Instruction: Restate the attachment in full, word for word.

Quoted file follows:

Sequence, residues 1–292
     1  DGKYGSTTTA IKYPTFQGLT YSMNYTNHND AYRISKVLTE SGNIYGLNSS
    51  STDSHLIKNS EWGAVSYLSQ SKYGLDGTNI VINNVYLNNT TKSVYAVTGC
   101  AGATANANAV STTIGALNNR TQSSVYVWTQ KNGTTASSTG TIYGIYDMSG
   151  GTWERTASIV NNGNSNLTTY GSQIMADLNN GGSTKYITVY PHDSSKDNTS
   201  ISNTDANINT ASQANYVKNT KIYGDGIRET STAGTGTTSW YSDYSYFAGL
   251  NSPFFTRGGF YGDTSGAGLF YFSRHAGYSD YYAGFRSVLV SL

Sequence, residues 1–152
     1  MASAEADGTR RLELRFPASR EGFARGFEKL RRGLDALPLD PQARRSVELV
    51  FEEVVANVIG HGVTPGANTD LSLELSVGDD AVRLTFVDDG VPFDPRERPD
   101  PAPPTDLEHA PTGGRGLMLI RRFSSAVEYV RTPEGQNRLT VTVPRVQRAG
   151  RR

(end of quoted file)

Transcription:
Sequence, residues 1–292
     1  DGKYGSTTTA IKYPTFQGLT YSMNYTNHND AYRISKVLTE SGNIYGLNSS
    51  STDSHLIKNS EWGAVSYLSQ SKYGLDGTNI VINNVYLNNT TKSVYAVTGC
   101  AGATANANAV STTIGALNNR TQSSVYVWTQ KNGTTASSTG TIYGIYDMSG
   151  GTWERTASIV NNGNSNLTTY GSQIMADLNN GGSTKYITVY PHDSSKDNTS
   201  ISNTDANINT ASQANYVKNT KIYGDGIRET STAGTGTTSW YSDYSYFAGL
   251  NSPFFTRGGF YGDTSGAGLF YFSRHAGYSD YYAGFRSVLV SL

Sequence, residues 1–152
     1  MASAEADGTR RLELRFPASR EGFARGFEKL RRGLDALPLD PQARRSVELV
    51  FEEVVANVIG HGVTPGANTD LSLELSVGDD AVRLTFVDDG VPFDPRERPD
   101  PAPPTDLEHA PTGGRGLMLI RRFSSAVEYV RTPEGQNRLT VTVPRVQRAG
   151  RR